Video: President Obama on the Pointless Partisanship of DC Politics Barack Obama Video About Honor and Partisanship in Washington
These days America's hyper-partisan debt battle seems like it's going to last forever. Thankfully, we know that can't be the case. Either the Democrats and Republicans agree on a way to raise the country's $14.3 trillion debt limit by August 2, or, according to experts, America falls back into a recession and Standards and Poors downgrades the nation's credit rating.
In an attempt to avoid the worst case scenario and hammer out a deal, President Obama and congressional leaders from both parties have been having a series of budget meetings at the White House, the results of which have been inconclusive and heated. The most famous anecdote to emerge says that Obama was so frustrated by the end of Wednesday night's gathering that he "stormed out" (though Speaker of the House John Boehner now says that's exaggerated).
Regardless of where you stand on the issue of our debt, a refreshing break from Washington's current bout of bitter partisanship is the previously unreleased video above, taken in Massachusetts in March. In it, the president discusses with a group of Democratic, Republican, and Independent college students what it means to live and legislate in a truly bipartisan America. "The nature of our democracy ... is to marry principle to a political process that means you don't get 100 percent of what you want," says Obama. "And you can be honorable in politics understanding that you're not going to get 100 percent of what you want."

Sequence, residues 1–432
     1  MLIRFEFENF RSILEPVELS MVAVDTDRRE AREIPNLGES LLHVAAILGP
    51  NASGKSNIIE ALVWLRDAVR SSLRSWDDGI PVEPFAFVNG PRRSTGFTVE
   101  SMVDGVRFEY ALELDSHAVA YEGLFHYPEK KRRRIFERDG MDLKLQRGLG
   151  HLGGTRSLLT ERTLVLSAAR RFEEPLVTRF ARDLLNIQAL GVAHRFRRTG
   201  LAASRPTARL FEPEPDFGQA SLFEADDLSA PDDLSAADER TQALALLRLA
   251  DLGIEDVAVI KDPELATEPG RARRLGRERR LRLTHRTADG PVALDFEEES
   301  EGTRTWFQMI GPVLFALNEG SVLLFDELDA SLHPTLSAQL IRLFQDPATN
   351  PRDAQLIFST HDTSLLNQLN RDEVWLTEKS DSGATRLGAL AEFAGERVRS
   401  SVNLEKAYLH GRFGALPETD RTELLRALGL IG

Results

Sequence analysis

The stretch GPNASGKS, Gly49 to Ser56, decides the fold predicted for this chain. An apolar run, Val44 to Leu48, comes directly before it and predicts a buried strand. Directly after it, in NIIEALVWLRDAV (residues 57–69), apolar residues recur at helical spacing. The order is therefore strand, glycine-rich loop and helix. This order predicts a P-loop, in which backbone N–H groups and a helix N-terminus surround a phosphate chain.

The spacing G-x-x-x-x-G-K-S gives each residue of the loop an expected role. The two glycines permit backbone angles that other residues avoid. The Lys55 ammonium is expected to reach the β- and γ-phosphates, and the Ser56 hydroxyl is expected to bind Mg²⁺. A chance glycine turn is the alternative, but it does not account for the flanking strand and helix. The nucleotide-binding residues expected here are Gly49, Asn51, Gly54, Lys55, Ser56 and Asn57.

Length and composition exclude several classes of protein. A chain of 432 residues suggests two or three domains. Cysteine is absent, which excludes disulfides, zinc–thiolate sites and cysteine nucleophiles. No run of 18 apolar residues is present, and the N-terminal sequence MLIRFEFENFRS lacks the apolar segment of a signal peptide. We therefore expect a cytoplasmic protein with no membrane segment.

Hearing the president lay out to college kids what should be simple for grown men and women in Congress to grasp—that politics demands push and pull—makes this constipated budget crisis all the more infuriating. "You can't always get what you want." It's so simple the Rolling Stones made a song about it decades ago. And yet now we have House Majority Leader Eric Cantor saying he won't budge an inch on his demands for no new tax revenues. "[The Democrats] are going to have to come and meet us," Cantor said to reporters on Monday. If anything, the lesson there is that while you can be honorable in Washington, the sad truth is that many of our leaders won't be honorable.